Images of the body in ancient Near Eastern civilizations are radically different from body images today, which in turn creates significant consequences for our understanding of the biblical notion of God's human shape and the frequent and widespread misconceptions therein. Andreas Wagner illuminates such frequent and widespread misconceptions, and reveals the sometimes distant pictorial world of ancient body images. He contrasts these with contemporary models and makes the matter of the Old Testament concept of God's human form accessible and clear.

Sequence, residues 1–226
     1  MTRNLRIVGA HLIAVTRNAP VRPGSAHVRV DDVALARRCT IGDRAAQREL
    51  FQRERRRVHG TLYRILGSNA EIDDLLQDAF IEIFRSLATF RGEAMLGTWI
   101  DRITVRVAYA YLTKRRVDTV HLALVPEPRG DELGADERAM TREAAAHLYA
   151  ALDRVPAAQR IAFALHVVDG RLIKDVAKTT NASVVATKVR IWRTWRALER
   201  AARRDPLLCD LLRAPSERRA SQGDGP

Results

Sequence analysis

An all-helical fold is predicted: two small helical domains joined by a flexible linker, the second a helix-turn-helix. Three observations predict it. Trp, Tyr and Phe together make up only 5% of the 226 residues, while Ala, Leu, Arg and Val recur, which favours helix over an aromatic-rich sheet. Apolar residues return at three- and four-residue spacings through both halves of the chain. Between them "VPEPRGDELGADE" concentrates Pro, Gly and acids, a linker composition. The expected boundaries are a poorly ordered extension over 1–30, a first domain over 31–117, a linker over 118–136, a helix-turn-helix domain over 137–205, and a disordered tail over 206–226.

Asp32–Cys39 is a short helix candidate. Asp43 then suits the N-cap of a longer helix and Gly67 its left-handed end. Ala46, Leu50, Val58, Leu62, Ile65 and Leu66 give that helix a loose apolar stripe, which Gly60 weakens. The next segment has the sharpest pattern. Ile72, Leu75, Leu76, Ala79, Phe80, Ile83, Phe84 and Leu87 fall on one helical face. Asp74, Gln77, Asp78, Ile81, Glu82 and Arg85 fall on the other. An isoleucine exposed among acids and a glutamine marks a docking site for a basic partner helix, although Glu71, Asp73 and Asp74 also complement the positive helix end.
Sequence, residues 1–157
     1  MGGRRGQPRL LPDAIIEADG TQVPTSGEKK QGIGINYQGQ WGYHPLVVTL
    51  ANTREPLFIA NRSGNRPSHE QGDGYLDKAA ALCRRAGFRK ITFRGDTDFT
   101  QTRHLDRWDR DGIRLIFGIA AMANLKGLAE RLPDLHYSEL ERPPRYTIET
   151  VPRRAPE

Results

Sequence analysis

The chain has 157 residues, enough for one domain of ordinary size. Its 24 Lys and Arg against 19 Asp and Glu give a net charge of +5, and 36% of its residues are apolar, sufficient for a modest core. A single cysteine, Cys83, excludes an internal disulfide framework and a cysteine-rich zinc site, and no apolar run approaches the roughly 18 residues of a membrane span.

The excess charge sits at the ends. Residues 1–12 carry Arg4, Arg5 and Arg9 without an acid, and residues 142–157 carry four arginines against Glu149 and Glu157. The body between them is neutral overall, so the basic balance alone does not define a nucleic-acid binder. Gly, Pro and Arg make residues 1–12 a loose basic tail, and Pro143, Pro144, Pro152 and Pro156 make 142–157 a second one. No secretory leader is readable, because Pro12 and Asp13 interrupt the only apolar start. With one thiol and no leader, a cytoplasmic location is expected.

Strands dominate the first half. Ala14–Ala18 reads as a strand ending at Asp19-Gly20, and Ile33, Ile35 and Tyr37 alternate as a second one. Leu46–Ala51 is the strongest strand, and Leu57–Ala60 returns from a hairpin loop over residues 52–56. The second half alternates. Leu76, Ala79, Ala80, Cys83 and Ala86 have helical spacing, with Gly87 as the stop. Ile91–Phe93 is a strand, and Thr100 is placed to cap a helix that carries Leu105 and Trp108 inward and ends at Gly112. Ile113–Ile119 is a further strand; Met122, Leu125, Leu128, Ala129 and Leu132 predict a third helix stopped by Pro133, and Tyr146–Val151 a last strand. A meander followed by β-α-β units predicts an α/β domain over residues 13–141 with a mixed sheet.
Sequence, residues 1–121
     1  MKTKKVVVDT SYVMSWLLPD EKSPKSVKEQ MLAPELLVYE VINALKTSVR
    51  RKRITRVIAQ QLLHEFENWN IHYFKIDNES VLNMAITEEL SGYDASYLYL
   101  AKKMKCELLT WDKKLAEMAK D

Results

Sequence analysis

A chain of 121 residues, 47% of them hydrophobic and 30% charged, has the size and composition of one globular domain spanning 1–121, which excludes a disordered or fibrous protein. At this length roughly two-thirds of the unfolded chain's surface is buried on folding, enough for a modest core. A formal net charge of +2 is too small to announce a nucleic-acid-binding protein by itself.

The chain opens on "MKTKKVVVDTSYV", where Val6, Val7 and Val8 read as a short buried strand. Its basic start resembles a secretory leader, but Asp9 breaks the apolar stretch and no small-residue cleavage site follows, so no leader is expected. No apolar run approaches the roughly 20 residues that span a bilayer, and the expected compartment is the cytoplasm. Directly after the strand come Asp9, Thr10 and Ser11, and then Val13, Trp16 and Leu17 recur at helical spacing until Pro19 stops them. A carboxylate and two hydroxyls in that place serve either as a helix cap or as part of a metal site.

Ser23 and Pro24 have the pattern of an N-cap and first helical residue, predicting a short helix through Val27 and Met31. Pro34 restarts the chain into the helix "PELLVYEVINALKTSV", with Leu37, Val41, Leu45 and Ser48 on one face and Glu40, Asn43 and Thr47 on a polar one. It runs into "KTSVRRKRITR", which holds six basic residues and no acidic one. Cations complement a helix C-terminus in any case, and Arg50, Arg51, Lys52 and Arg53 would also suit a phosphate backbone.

Wagner begins by introducing readers to aspects of anthropomorphism, the study of body parts, and Israel's basic understanding of the human body. He then turns specifically to the body of God, analysing why and how certain body parts are emphasized or regularly employed in the biblical text when it tries to describe God. Wagner draws out the theological aspects of the ways in which God's body is described as well as considering the diverse range of ancient Near Eastern perspectives on God, and the ways in which ancient cultures constructed and understood deities. Wagner concludes by looking at how the depiction of God in the Old Testament fits with the concept of mankind made in God's image. Enhanced by over fifty illustrations, God's Body will lead the debate in biblical anthropomorphism for years to come.